In this short information I want to reflect only on the role of mercury as an anti-nutrient.
The fact that we constantly accumulate low-grade concentrations of mercury, as compared to toxic levels, is largely ignored by public health authorities and scientists, especially physicians. Although there may be a period of time when a major exposure can be detected, mercury also accumulates slowly throughout our lifetime, for instance by the consumption of fish.
Mercury contributes to most chronic illnesses, including:
- neurologic and cardiovascular disorders
- autoimmune illnesses
- chronic fatigue and fibromyalgia
- hormone disorders
- chronic infections
For this connection to many chronic illnesses, we need to include mercury in our diagnostic workup and treatment. In order to diagnose the mercury load we challenge the patient with a chelating agent (DMPS) and subsequently analyze the excretion of mercury in the urine. However, mercury is heavily retained in neurologic tissue, particularly in brain tissue. Chelation may remove mercury from body tissue quickly; but if the chelation therapy is not long enough and controlled regularly, mercury may be redirected and accumulated again in the neurons. Hair analysis is another good way to diagnose toxic loads of mercury.
Diagnosis of chronic mercury toxicity
The diagnosis of chronic mercury toxicity is often difficult because the body’s natural defenses may mask or delay symptoms. Natural defenses are a function of genetic susceptibility, epigenetic factors, or the micronutrient status. Furthermore, individuals who retain mercury, especially in the brain, may counterintuitively show low levels in blood, urine, and hair. This case is very rare, but exists.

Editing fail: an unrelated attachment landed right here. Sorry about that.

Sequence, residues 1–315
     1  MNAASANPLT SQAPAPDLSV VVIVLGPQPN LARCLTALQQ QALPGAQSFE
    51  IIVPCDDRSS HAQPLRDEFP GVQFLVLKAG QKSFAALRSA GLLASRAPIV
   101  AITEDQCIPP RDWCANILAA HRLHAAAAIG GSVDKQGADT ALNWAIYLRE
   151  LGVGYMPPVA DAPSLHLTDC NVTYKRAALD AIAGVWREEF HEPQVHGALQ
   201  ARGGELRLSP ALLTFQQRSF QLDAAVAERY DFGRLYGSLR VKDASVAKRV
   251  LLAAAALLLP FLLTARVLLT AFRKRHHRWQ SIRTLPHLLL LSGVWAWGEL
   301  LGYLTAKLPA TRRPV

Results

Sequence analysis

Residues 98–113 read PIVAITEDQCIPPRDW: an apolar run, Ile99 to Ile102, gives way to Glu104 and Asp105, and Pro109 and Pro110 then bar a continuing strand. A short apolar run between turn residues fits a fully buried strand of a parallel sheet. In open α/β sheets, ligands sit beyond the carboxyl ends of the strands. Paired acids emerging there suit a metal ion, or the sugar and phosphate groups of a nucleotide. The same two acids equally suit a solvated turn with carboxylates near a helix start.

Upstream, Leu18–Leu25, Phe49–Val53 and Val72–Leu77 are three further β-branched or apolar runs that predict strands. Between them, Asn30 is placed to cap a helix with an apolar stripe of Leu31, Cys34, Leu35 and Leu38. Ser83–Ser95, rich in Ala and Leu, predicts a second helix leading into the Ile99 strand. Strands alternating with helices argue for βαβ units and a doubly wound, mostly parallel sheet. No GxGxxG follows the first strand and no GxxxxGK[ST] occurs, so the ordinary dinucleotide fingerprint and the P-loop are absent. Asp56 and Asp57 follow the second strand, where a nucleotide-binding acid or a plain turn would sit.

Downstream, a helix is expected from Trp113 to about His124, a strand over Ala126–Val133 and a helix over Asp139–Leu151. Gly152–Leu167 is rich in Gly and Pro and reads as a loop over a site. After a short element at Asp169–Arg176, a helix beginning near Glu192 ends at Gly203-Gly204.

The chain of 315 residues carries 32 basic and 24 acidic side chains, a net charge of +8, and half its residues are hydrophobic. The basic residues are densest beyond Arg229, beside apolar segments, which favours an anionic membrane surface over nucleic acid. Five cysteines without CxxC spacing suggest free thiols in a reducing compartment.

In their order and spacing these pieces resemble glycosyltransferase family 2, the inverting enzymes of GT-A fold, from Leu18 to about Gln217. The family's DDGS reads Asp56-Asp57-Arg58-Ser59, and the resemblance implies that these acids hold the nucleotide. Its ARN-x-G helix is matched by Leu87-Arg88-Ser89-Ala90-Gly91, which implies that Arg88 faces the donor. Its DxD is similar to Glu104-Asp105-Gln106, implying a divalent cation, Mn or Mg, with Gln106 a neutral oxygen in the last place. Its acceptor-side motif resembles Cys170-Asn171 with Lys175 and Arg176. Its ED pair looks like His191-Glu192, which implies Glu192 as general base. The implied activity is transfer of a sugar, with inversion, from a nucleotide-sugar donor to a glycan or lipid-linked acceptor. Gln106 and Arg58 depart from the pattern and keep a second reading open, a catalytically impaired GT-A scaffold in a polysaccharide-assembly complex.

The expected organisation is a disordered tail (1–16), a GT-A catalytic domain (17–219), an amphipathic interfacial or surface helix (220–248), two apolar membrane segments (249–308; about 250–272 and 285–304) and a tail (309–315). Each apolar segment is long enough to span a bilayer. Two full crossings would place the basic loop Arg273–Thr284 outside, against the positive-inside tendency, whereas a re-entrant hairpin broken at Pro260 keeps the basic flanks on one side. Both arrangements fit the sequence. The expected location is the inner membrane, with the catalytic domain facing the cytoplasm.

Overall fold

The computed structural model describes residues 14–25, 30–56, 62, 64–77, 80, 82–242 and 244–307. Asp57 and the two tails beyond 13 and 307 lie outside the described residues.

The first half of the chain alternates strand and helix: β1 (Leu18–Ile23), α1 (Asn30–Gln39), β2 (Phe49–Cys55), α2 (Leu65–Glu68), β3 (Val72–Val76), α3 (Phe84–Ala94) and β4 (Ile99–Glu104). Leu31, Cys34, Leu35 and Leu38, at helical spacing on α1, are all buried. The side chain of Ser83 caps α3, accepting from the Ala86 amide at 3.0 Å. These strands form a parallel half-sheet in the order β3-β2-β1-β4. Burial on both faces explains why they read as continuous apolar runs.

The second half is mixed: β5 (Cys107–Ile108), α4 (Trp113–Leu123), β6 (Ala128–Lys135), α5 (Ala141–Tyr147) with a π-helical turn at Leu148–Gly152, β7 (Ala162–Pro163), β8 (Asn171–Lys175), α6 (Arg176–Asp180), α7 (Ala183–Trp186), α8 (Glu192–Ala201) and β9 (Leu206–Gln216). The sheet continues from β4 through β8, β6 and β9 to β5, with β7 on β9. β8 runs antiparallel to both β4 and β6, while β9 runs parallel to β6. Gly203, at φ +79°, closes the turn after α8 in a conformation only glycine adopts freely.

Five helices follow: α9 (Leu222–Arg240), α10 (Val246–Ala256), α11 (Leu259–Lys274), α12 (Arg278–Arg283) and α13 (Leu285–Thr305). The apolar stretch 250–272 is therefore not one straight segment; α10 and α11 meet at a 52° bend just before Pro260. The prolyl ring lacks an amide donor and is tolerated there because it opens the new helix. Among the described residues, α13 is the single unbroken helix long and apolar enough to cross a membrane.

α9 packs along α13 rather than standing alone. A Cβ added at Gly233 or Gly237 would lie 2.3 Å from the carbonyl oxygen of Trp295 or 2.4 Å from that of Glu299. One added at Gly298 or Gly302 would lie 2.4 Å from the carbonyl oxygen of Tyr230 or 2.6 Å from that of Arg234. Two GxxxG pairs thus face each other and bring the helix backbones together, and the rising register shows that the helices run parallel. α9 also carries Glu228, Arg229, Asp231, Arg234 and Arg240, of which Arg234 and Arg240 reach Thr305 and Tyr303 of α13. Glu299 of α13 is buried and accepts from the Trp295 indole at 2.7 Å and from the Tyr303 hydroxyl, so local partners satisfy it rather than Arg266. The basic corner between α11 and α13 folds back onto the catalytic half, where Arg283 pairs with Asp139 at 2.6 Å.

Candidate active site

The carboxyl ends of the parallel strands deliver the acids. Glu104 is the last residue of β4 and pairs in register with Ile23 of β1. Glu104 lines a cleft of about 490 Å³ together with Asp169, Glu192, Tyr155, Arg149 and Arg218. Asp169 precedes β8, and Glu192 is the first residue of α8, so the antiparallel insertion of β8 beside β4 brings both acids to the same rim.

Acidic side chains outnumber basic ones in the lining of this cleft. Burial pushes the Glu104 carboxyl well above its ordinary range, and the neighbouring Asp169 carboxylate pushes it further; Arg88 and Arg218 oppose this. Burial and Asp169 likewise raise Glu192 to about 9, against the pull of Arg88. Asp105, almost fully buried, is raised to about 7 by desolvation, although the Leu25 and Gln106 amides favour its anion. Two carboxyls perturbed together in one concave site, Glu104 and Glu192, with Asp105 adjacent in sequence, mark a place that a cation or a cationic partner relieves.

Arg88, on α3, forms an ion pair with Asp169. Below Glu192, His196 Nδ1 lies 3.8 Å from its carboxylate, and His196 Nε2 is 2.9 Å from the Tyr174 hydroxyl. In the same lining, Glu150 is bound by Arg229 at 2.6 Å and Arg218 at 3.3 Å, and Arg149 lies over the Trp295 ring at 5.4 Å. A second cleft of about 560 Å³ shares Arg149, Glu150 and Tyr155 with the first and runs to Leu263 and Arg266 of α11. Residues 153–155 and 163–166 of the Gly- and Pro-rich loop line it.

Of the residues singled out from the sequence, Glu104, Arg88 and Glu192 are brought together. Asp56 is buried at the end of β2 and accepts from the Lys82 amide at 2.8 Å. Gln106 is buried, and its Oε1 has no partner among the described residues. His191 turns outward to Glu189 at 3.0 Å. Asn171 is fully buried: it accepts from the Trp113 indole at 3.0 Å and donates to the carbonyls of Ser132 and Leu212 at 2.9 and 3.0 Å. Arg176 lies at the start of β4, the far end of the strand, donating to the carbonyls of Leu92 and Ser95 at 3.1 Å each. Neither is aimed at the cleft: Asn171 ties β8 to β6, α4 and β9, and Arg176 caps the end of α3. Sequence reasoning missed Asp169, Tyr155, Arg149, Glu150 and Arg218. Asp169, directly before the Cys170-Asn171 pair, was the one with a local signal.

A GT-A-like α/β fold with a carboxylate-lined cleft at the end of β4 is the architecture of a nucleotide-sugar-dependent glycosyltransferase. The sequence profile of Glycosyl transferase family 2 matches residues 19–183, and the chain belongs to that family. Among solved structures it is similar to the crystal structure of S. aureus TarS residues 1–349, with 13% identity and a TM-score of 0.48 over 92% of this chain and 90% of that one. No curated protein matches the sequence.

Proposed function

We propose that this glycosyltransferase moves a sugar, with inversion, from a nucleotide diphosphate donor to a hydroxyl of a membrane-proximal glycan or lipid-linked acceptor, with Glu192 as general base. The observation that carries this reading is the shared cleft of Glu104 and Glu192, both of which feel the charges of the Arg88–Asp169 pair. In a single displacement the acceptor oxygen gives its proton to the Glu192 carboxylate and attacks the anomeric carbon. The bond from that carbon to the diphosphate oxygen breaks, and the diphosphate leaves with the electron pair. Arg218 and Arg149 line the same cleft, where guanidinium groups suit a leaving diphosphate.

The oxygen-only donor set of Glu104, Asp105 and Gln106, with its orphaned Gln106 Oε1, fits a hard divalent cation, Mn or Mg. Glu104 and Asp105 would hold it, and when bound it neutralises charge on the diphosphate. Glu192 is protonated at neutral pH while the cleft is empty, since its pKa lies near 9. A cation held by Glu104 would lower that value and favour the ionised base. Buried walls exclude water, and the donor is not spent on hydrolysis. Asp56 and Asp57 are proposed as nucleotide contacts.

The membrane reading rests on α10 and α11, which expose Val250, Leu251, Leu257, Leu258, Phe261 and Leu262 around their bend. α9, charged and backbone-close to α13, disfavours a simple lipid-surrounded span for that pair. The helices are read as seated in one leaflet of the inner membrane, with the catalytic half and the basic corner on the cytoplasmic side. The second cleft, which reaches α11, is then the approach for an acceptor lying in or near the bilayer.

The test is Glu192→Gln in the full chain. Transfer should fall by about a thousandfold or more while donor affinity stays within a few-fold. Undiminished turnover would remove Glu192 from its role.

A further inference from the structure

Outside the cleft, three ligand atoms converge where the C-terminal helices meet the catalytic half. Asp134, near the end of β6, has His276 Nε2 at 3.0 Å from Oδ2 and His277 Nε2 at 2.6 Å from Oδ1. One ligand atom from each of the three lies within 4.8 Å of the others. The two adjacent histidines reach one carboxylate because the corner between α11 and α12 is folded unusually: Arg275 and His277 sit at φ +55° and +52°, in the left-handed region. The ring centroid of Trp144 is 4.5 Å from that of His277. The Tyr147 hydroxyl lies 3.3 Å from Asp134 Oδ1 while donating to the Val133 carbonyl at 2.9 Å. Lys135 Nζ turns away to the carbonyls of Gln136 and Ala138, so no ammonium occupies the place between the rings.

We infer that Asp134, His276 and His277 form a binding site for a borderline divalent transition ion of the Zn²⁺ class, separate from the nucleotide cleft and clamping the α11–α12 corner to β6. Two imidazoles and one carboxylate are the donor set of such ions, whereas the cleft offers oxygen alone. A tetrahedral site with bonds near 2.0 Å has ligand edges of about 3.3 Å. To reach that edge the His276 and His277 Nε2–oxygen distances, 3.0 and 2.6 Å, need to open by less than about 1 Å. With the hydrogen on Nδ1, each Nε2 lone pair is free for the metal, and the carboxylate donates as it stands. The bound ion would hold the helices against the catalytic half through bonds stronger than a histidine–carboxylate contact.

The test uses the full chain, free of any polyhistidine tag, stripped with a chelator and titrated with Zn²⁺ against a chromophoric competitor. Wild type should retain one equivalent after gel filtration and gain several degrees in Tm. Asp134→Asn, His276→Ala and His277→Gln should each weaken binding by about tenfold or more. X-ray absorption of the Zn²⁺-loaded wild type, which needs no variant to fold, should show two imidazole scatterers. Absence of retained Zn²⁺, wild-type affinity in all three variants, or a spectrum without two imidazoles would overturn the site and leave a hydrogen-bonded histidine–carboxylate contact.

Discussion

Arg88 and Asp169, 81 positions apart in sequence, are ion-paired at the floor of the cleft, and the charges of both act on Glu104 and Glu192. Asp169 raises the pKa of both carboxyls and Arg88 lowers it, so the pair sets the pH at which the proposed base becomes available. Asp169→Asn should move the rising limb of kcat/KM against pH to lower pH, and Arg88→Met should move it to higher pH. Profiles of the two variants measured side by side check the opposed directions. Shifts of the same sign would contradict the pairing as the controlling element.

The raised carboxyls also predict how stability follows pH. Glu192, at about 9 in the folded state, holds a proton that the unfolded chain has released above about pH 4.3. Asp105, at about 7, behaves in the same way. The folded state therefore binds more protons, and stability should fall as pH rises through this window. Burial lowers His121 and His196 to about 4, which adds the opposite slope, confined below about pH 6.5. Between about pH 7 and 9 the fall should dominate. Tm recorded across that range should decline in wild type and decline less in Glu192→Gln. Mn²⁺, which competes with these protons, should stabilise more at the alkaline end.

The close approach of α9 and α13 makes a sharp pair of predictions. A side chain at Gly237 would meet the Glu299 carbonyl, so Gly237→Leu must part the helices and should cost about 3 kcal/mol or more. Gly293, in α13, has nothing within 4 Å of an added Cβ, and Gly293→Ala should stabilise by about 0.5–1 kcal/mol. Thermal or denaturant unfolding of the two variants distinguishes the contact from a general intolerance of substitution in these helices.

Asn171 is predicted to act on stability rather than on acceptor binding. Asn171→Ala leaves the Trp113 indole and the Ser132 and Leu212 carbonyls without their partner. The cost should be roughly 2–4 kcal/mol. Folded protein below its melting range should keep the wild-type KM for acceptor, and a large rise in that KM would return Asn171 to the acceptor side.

The developmental window from conception through early childhood is one of extreme vulnerability to mercury. Mercury is an epigenetic toxicant (affecting future gene expression) as well as a neurotoxicant. Damage may be permanent; therefore, prevention is key.
For most people mercury is the most significant toxicant in the body. By promoting oxidative stress and depleting antioxidant defenses, including the glutathione system, mercury impairs the body’s response to toxicants in general, including mercury itself.
Mercury toxicity creates a need for extra nutrition
Mercury toxicity creates a need for extra nutrition, in order to repair damage and to provide ample enzyme cofactors that can push blocked enzymes. Many people with chronic mercury toxicity have found a nutrient-dense diet to be useful for symptom relief. Individualized supplementation besides targeted chelation may also be helpful to overcome the extreme nutritional depletion and unnatural toxic state.